Millions of women are struggling with stress daily and doing so without any tools or help to manage it. Unfortunately, unresolved stress can hurt our physical and emotional health. I know that there are some practical ways to ease stress and feel better because I have used them successfully. I would like to discuss the effects of stress on our health and provide some tips for managing it.
Here are some of my top ways to ease stress and feel better!
Recognize the Signs of Stress
It is important to be aware of the physical and psychological signs of stress to manage it effectively. Some common signs of stress include feeling overwhelmed, irritable, or anxious; having difficulty sleeping; experiencing headaches or muscle tension; and changes in appetite. If you are experiencing any of these symptoms, it is vital to take steps to reduce your stress levels.
Sometimes, we won’t or can’t see how stress affects us. In this case, I recommend that you listen to your loved ones. Maybe they’ve made several comments about how you seem worried, angry, or uptight lately. Instead of brushing off their concerns, have a real conversation about anything that is bothering or pressuring you.
Identify the Source of Stress
If you become aware of the signs of stress, it’s time to identify the source(s). Keep in mind that life itself can cause stress, so we don’t need a tiger chasing us to feel pressure. Unlike an unlucky meeting with a large cat, most stressors are common and frequent. These include work, relationships, finances, and health concerns. Once you have identified the main sources of stress, you can think about what options you have to either minimize or alleviate them altogether.
Develop a Stress-Management Plan
Once you have identified the sources of stress and considered your options, develop a plan to ease stress and feel better. There are many different ways to manage stress, and what works for one person may not work for another. For this reason, I can’t definitively tell you that any of these things will help you. We each must experiment with various things until we find what works for us.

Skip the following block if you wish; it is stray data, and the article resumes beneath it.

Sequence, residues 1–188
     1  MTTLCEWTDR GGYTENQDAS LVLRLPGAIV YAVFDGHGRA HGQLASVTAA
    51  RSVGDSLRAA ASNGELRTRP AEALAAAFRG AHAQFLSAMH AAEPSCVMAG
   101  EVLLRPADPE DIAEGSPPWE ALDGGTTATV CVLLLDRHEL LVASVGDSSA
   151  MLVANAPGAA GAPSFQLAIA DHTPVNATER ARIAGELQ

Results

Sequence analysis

That said, here are some of the things that have helped me: daily exercise, relaxation techniques such as yoga or meditation, mindful breathing, talking to someone, and journaling. If you are unsure about where to start, talk to your doctor, therapist, or loved one about how you’re feeling. There are also many resources available online or from your local library.
Natural Remedies for Stress
Because I try to stay away from unnatural substances, natural remedies have been my staples to ease stress. Some effective natural remedies include herbs such as chamomile, valerian, passionflower, or lavender. These also come in oil form that can be diffused to promote a peaceful atmosphere in your home or office.
My family and I have also found relief from stress and anxiety from CBD oil. If they are legal where you are, you might also try oral cannabis products such as Delta 8 Gummies. I have also had great success with dietary supplements such as magnesium and L-Theanine. Natural remedies can be used in conjunction with other stress-management techniques, but I recommend that you talk to your doctor before starting new supplements and herbal remedies, especially if you take medications.
Exercise is a great way to ease and feel better, as well as improve your overall health. Even something as simple as a brisk walk can help to reduce stress levels quickly. If you are not used to exercising, start slowly and gradually increasing the intensity and duration of your workouts. Do also consult your physician before starting a new exercise routine. There are many different types of exercise, so find one that you enjoy and that fits your schedule and lifestyle.
In conclusion, stress is a common issue that can negatively impact our physical, emotional, and mental health if left unmanaged. Remember, if you are struggling with stress, it is important to reach out for help and try various techniques and remedies until you find relief. It might also help to track stress levels daily, so you can clearly see your trigger points and if it improves with attention over time.
**** This post is strictly informational and is not meant to replace the advice of your healthcare provider. Women’s lifelink, its owners, administrators, contributors, affiliates, vendors, authors, and editors do not claim that this information will diagnose, treat, or improve any condition or disease.